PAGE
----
Track and Trace in Supply Chain : The Immutability and Information Problem
Supply chains today are complex, globe-spanning, and multi-stakeholder systems. As the chain grows longer, tracking the current location of products and tracing and verifying their sources is increasingly tough. In the past, ERP and other TnT systems have come to the rescue of organizational supply chains that greatly depended on their tracking and traceability functions for credibility.
Why are these long-serving systems falling short of industry expectations now?
Because none of the current track and trace systems are immutable –nor do they provide complete (or, as in my case above, useful) information. And supply chain experts have realized the potential of Blockchain – its immutability ability.
But that’s not all. A major information problem in most supply-chain-driven industries is the lack of consistency in data recording formats – resulting in a huge amount of manual information entries. Digitization was touted as a solution to supply-chain track and trace problems, but digital information units could be counterfeited and copied – making secure digitization a pipedream.
Blockchain is a distributed ledger technology solution that lends itself to solving these critical issues with the supply chain; adulteration and fraud, food wastage, food recall management, building consumer trust, secure digitization of information.
$500 millionin settlements due to one single food recall in 2008! $161 Billion worth of losses due to food waste in 2010. The numbers linked to food losses and recalls are staggering. But precise, efficient track and trace processes using blockchain can cut down, and in several cases, eliminate such waste and recalls by ensuring proper supply chain operations, timely deliveries and advance disposal of contaminated food batches.”
Key Features and Benefits of Blockchain technology
Since it is a decentralized ledger technology, Blockchain does not allow deletions or modifications to the blockchain. A single link can change the copy of the ledger that they control, but any change in their copy has to reconcile with the copies owned by the rest of the links – making unauthorized changes impossible. This creates a built-in trust system, without needing a supervisory authority.
Time-stamped, up to date
Status updates on the blockchain are always real-time because the updates happen at the source of action (for example, a farmer updates the status of produce dispatch on his blockchain portal, and the processing plant sees the update immediately – without the update needing to be uploaded to a central information store). Product status can be verified at any point in time.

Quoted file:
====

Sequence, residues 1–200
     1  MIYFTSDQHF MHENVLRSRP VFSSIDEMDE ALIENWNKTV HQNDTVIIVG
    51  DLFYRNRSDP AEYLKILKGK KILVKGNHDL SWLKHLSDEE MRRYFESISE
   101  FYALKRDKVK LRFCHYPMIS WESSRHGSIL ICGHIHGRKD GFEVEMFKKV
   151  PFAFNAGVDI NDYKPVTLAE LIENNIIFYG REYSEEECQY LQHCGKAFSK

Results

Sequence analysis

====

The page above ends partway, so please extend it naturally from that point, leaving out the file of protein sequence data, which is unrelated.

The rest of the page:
Information on the blockchain is never stored at one single location – so it is fault-tolerant by nature. If one of the sites goes offline, the other copies of the blockchain still stay online and can be used to maintain operations.
Integration with automation
An information system is only as good as the information fed to it. All the benefits of blockchain would be negated if the information in it can’t be trusted. So, most blockchain track and trace systems support integration with automated systems that use technology such as IoT to automatically capture information such as dispatch time, location, storage conditions, processing methods, and other items that can influence final product quality.
Permissions based information access
While a wealth of information may be stored on the blockchain, not all of it is relevant to every stakeholder. In some cases, the information may not be something that is relevant, while in other cases it may not be prudent to share the information for business purposes.
Blockchain inherently is secure, because of its linked node structure. Each blockchain node has a unique hash that gets modified every time there is a change, which then necessitates a change in recorded information on the whole blockchain. It is therefore next to impossible to make a change to an existing blockchain without the approval of all stakeholders on the blockchain.
Blockchain Enables Revolutionary Digital Possibilities
Blockchain promises digital capabilities that traditional architectures cannot emulate.
- Inimitable Digital Units